(1948 - )
Garreth Andrews grew up in rural Minnesota and attended art classes at the University of Minnesota. He toured Europe, North and South America and spent a decade exploring Alaska and restoring historic works for the University of Alaska Museum in Fairbanks. His interest in Inuit history and mythology led to many of his sculptures as “INUA”.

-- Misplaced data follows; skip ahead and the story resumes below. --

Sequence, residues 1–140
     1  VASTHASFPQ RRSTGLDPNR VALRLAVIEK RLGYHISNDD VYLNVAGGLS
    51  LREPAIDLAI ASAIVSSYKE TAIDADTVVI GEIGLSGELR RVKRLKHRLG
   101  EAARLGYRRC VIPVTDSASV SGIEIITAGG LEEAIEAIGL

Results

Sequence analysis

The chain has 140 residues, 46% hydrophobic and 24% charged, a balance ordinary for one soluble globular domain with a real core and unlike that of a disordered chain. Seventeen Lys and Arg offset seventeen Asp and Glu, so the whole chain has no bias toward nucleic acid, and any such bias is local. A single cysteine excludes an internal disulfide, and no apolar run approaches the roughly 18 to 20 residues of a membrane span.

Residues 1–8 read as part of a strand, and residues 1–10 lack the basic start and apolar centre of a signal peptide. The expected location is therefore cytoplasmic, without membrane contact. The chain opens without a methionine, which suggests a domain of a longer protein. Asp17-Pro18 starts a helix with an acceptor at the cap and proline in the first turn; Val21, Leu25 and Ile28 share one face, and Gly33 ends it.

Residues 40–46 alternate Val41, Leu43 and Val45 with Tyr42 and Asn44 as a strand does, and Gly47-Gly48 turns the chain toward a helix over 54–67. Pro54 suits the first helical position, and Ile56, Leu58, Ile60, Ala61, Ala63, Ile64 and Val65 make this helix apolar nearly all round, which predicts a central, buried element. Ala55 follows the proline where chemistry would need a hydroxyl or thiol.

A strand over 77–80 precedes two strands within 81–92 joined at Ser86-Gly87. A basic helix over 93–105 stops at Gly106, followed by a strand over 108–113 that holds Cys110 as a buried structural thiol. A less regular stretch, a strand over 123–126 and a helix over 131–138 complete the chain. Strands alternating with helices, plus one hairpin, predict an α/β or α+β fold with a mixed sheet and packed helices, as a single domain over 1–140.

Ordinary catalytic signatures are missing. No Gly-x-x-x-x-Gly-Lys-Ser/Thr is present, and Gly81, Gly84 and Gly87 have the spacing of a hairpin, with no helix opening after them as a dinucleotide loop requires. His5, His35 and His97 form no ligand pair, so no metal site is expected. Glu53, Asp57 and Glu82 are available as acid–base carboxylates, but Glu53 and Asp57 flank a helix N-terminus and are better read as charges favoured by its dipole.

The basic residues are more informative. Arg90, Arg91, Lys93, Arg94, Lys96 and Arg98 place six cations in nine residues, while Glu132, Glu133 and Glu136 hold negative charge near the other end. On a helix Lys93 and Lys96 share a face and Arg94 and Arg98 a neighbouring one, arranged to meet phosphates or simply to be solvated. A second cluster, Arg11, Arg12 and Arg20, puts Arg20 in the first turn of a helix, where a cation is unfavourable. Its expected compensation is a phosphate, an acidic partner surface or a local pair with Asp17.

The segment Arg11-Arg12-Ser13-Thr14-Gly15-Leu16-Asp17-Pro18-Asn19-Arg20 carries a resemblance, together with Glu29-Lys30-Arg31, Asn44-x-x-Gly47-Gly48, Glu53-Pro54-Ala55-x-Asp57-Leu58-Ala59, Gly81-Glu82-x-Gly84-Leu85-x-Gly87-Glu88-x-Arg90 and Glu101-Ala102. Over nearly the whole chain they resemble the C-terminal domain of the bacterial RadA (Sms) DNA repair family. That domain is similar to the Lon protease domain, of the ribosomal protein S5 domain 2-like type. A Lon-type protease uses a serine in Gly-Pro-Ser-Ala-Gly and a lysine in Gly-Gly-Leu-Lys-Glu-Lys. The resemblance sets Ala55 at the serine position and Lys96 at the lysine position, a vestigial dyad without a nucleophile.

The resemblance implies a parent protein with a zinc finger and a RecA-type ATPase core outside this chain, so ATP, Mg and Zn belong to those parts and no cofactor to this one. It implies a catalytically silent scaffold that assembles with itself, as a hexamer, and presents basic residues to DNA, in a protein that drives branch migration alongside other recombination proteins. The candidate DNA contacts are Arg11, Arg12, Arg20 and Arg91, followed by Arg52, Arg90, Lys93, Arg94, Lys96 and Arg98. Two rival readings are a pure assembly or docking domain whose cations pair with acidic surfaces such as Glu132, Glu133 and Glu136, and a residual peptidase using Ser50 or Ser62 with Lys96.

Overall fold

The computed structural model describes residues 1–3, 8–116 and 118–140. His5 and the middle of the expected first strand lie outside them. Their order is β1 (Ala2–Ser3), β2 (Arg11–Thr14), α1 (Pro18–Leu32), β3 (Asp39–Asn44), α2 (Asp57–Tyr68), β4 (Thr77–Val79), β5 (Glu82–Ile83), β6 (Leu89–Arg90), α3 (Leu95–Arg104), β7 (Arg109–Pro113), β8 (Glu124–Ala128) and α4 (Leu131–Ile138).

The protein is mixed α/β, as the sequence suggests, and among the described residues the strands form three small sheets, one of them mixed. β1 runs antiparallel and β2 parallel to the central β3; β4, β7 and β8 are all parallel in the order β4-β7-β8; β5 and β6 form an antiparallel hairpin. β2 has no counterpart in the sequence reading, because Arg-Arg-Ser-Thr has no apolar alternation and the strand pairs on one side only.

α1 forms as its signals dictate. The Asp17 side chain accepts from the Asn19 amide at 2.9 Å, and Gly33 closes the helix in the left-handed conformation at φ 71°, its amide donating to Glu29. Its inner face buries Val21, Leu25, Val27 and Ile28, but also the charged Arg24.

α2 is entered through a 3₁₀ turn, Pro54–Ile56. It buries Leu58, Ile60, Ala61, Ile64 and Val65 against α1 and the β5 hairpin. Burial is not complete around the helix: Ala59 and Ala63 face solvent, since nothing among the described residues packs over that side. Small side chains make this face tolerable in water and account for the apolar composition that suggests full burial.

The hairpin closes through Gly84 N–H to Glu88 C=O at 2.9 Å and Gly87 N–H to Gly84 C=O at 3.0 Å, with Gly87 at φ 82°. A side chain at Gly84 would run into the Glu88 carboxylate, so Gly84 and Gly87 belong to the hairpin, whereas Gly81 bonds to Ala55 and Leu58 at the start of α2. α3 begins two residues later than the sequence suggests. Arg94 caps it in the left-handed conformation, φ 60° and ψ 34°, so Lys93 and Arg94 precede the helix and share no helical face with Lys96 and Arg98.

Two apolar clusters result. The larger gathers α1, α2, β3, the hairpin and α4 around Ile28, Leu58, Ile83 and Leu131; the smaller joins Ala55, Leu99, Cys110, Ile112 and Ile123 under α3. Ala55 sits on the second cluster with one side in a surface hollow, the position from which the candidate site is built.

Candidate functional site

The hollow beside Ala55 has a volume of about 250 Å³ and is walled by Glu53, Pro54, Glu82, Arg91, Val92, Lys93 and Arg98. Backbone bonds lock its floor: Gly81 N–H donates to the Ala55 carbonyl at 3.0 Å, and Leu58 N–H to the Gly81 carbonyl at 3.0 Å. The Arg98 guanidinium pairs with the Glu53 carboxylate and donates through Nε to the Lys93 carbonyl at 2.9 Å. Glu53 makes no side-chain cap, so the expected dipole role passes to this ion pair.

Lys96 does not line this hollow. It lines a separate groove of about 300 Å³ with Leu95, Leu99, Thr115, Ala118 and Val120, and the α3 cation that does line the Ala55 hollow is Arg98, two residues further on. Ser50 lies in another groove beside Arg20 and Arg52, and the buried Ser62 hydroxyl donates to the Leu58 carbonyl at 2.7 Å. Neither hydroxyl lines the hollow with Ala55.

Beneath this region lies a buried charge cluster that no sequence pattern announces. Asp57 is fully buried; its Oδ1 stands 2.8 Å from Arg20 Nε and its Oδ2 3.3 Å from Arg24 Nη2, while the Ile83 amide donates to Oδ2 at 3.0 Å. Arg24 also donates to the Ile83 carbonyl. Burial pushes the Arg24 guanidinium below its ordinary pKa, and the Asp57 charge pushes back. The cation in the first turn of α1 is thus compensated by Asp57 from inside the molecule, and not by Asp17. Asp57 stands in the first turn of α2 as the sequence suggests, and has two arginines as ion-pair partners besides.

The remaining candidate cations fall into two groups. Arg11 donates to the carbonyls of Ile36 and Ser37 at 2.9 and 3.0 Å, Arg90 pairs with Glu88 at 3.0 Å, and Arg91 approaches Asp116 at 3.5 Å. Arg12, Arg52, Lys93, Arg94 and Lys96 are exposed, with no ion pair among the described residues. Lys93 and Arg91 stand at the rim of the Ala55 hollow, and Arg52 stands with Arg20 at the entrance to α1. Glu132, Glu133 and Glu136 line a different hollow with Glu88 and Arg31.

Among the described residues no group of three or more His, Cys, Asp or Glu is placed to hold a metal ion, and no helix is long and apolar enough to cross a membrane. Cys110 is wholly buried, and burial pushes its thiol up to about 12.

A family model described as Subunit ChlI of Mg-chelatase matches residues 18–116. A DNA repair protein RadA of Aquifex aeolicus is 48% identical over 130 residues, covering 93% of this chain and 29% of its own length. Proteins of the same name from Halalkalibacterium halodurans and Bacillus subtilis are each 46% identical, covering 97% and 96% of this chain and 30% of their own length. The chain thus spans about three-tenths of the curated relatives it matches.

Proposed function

In Inuit mythology an INUA is a spirit or soul that exists in all people, animals, lakes, mountains, and plants. For arctic people, humans and animals are equal – all life has the same kind of soul or “life essence” (inua). This creates a dilemma. In order to survive, people must kill other creatures that are like them. Empowered by songs and charms, hunters go to seek that whale which has heard their songs and, pleased with their request, has come to offer itself. Speaking of this in “Anthem” – another of Garreth’s sculptures – Garreth writes, “Songs of the Sea took many voices, some of them in languages that no man has yet spoken or understood. “Anthem” is one thin strain of an old, often repeated story of singers whose voices mixed but never blended. It is a song of praise to all who sang, the whales as well as the men who went to meet them.”